Today I remembered.
Finally, with no schoolwork looming over my head, no Hebrew translation to do, no readings to finish, no papers to write, I sat down on the couch with a cup of tea and a novel and planned on relaxing. As my eyes drooped I realized that, wonder of wonders, I actually had available to me the luxury of an afternoon nap. As I drifted through the layers of consciousness I found myself visiting feelings new and old, watching with wonder as my imagination spun yarns of dreams, and generally just languidly languishing in the warmth of the sun as I sunk deeper into the couch.
This morning I presided over a church service, attempting to construct a meaningful experience of community connection for that particular group at that particular time. A friend once brought up the idea that creating worship is in some ways like creating a sand painting, like Buddhist monks do. We spend many hours attentively putting all the pieces into place, choosing just the right words and notes and actions, and carefully placing them in an order that will hopefully be beautiful and meaningful, pulling people into deeper relationship with the divine and with each other. And then, just as the sand painting gets blown away by the wind, once a worship is done, it will never exist again. Each piece of the service unfolds uniquely in a particular voice, in a particular place, at a particular time, and never again will the pieces unfold in that exact same way.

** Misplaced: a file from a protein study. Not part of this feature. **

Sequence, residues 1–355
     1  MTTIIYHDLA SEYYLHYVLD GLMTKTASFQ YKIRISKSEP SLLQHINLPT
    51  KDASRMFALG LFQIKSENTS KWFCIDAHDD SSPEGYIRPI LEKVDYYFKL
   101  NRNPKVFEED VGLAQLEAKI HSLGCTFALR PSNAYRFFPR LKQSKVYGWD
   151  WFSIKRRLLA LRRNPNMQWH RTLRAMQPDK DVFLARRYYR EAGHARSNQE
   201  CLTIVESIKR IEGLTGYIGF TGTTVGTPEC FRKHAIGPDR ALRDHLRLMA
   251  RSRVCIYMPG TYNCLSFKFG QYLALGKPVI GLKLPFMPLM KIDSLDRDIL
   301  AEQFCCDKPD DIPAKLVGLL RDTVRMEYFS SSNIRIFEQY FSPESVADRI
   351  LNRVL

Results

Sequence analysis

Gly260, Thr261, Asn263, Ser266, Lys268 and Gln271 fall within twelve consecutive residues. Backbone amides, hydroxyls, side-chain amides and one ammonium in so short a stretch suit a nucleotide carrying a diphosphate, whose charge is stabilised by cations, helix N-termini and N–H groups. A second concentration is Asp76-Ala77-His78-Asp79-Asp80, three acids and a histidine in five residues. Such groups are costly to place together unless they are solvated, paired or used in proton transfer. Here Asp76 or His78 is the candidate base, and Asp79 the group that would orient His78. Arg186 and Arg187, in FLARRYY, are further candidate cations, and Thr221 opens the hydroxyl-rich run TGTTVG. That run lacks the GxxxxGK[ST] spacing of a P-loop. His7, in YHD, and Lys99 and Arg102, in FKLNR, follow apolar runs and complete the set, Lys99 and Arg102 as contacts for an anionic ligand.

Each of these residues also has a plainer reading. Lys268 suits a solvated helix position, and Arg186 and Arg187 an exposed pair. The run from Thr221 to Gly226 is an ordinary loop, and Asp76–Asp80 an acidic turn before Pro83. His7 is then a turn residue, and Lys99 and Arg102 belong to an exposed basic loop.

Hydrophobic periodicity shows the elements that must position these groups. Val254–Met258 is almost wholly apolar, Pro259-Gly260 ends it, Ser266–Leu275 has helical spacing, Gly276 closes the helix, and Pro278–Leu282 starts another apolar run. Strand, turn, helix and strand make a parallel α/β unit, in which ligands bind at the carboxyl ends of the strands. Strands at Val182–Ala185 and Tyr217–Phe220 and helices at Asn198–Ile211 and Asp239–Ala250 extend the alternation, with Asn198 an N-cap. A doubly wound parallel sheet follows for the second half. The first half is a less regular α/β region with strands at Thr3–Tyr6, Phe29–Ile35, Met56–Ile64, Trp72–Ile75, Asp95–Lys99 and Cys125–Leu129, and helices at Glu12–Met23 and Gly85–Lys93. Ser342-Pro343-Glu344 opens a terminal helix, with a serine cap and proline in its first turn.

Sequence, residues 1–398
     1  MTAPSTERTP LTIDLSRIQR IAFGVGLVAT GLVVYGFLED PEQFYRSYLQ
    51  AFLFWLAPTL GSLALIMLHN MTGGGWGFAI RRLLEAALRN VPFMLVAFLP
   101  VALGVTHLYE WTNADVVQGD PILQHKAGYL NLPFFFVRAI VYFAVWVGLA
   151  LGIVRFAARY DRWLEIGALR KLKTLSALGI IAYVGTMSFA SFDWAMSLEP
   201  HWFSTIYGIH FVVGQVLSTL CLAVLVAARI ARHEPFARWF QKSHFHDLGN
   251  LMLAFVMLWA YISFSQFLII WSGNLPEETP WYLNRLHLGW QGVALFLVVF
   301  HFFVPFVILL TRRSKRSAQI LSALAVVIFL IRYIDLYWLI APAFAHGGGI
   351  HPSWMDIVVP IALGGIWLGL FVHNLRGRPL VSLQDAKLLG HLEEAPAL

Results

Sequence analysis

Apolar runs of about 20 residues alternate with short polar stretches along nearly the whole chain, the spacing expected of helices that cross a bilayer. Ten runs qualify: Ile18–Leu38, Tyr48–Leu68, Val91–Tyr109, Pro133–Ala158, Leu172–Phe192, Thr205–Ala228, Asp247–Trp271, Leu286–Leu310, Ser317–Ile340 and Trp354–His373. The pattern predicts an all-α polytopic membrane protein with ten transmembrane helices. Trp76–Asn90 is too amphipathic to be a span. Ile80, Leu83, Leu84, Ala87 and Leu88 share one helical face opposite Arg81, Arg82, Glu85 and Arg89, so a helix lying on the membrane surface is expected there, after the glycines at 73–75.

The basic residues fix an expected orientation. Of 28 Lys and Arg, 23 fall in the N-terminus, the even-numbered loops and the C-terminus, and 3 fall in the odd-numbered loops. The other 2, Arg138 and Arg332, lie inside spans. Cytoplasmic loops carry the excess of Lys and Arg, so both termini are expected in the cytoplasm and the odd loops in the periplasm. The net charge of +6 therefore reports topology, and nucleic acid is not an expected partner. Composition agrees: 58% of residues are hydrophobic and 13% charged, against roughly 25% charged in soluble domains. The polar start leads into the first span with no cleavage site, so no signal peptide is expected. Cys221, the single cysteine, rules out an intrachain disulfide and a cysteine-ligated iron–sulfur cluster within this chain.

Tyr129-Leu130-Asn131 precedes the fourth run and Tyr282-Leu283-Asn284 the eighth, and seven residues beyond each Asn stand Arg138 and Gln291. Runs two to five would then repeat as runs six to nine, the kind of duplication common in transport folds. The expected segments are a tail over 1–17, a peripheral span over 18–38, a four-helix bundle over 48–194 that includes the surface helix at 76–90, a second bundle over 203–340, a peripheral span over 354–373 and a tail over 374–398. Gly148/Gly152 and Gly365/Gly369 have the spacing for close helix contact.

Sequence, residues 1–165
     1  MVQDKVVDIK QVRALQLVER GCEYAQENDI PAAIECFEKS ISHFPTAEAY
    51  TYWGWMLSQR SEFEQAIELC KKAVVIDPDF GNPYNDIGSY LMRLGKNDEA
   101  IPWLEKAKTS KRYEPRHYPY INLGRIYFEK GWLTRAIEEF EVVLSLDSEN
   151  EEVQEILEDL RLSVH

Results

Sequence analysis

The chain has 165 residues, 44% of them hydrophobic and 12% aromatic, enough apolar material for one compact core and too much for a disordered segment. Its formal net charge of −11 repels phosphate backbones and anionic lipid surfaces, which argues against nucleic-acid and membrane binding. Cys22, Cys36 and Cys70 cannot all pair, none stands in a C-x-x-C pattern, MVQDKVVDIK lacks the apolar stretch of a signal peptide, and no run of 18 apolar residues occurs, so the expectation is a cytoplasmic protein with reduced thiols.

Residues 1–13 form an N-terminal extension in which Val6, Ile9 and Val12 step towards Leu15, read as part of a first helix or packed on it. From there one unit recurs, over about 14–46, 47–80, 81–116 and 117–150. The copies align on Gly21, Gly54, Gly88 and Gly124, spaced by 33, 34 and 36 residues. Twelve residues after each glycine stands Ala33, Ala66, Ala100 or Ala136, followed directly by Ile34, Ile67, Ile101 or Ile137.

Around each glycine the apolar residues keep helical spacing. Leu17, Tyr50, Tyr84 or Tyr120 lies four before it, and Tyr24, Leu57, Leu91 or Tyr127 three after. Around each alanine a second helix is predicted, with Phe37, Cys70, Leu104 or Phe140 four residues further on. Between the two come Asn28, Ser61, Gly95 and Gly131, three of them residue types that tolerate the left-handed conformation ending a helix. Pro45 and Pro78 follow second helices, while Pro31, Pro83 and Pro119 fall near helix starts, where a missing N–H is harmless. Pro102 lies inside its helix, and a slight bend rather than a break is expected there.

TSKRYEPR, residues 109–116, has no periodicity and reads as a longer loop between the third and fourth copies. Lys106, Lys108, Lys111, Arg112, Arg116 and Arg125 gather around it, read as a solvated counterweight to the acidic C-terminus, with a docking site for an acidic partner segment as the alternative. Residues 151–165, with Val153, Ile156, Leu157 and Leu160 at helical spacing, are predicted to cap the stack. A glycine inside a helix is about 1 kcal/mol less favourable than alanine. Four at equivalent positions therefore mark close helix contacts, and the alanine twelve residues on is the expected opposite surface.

I found myself wondering this afternoon, in the twists and turns of my bliss-enhanced nap-ish consciousness, what the difference is, if any, between meditation and worship. Both ought, I would hope, to lead us into deeper communion with God and each other, both ought to reveal new things to us about ourselves and God. Both ought to draw us closer to a path that follows more closely to the path that Holy Passion lures us to and along.
Lately the worships I've planned have involved more and more silence, more and more gaps for contemplation and individual meaning-making, more pictures, more sounds, and fewer, more carefully selected words. Perhaps it is because I myself am starved for chances to stop, breathe, listen, and then submit myself to the lure of the Divine, and I want to provide that kind of space for both myself and others.
Take a nap.